Jesse is still reeling a few months after his girlfriend (with whom he’s been close much of his life and thought he’d always be with) starts dating one of his best friends, who’s also a member of his band. He’s stopped playing his guitar and has shut down emotionally. He’s just going to work at the coffee shop and pining over the betrayal.
Madison’s life is fine. She and her mom are going about their lives as usual, the two of them attending a yoga class together. She’s working on applications to get into a summer program for art and design. She’s dating a hot guy, but it’s pretty casual. She doesn’t want complicated, so making out is good for her.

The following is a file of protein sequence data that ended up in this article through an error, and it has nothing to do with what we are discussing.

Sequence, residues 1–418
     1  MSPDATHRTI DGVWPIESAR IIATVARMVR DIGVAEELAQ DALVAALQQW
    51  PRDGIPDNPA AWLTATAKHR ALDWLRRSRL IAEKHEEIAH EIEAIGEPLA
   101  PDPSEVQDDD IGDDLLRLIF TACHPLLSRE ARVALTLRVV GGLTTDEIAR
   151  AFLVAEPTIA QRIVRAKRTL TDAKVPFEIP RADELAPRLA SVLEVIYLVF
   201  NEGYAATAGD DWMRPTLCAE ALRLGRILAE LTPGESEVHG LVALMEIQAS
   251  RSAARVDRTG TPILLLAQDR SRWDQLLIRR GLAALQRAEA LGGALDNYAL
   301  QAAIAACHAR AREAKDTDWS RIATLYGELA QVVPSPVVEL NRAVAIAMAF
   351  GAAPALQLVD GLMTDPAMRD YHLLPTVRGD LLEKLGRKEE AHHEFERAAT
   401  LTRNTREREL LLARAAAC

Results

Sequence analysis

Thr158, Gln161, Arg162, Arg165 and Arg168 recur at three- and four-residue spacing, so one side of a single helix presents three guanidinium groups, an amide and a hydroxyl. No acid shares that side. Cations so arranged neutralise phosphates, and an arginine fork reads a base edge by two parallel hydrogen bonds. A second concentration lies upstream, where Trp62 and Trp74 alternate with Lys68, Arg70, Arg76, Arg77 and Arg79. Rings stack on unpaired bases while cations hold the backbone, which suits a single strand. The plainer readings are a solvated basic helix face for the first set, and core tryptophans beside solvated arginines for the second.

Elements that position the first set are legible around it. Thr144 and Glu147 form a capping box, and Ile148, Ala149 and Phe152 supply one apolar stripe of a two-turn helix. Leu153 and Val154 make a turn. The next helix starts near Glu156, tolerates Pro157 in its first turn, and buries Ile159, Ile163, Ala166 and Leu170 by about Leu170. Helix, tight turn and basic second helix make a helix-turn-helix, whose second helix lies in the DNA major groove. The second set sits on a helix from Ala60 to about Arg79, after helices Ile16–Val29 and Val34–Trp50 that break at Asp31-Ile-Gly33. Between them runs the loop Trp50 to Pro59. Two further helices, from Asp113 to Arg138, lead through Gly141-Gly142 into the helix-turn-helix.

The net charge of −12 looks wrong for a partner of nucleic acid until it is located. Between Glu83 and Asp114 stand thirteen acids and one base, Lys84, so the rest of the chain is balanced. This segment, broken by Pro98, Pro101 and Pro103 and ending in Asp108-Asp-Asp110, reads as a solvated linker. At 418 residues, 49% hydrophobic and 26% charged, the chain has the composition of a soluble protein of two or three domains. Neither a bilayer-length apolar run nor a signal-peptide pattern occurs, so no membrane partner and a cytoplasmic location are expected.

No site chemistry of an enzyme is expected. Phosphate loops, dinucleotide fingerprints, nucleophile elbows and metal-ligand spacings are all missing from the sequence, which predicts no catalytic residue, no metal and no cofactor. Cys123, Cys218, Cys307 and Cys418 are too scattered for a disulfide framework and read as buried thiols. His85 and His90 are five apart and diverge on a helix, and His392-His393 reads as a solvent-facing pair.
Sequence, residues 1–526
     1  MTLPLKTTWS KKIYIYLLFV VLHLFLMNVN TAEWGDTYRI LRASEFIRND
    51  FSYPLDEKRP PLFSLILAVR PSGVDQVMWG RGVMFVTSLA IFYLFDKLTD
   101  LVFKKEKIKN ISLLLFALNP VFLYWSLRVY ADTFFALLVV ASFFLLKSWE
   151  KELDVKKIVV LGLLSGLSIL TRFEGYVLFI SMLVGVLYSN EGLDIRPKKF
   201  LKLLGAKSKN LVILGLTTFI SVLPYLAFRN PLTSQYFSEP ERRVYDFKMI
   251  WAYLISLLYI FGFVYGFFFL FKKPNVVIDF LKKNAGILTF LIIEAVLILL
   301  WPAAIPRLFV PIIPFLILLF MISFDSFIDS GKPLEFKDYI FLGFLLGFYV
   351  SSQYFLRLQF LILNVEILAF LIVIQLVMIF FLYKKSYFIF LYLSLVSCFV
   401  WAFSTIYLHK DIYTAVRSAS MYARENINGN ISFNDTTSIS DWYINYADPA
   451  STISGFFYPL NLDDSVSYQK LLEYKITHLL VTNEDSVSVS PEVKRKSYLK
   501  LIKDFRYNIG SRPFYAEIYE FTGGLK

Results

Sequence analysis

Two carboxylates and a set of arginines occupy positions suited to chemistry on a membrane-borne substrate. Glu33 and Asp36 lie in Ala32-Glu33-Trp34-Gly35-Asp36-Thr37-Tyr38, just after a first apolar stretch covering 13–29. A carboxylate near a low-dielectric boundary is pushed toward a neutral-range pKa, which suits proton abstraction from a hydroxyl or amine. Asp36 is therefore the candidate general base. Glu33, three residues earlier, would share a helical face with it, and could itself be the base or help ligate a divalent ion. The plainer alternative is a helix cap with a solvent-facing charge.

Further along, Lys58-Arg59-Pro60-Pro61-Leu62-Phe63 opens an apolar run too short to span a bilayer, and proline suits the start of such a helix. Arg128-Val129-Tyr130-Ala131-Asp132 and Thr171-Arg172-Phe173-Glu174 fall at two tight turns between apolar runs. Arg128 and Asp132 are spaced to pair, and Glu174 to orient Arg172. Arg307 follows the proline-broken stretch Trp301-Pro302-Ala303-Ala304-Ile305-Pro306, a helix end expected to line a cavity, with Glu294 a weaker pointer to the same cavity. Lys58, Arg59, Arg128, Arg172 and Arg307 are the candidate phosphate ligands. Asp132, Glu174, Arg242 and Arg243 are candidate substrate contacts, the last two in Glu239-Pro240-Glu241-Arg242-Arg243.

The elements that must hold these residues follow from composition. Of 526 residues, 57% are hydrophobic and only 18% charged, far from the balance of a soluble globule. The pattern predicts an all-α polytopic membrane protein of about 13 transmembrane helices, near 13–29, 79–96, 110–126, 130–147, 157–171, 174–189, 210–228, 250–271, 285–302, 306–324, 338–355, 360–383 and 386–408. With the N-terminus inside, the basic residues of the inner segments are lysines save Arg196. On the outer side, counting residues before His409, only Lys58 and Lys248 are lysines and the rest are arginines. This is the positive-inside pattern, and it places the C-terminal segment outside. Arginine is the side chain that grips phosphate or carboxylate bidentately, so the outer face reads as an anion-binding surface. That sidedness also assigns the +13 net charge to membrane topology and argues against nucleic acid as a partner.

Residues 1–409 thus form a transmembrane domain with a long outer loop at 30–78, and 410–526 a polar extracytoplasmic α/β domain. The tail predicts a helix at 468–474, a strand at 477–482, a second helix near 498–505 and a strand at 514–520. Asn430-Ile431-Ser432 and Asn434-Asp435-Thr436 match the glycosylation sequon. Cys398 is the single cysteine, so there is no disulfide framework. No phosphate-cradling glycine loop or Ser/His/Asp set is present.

Then her Madison’s mom decides to try teaching yoga, and her old friend Paul, who visits them sporadically, comes to stay for a while. And what she thought she knew and was comfortable with changes.
Jesse and Madison end up slowly getting to know each other and helping each other rethink what they thought they knew about and wanted from life.
The Secrets of Attraction is essentially a teen romance that develops fairly slowly. But it is more about each character and how each finds a better way to live and thrive, with the help of friends and family and their budding romance. The author almost too obviously chooses not to tie up certain elements of the story in a neat bow, instead going for some plot elements happening the way they would “in real life.” At the same time, certain elements are pretty predictable and write-by-numbers. It’s a fairly enjoyable book but nothing memorable.
Rated: High, for a solid 30-plus uses of strong language (I stopped counting), plus more moderate language as well. There is some teen drinking and lots of casual teen talk about sex. There are a couple of intense kissing scenes.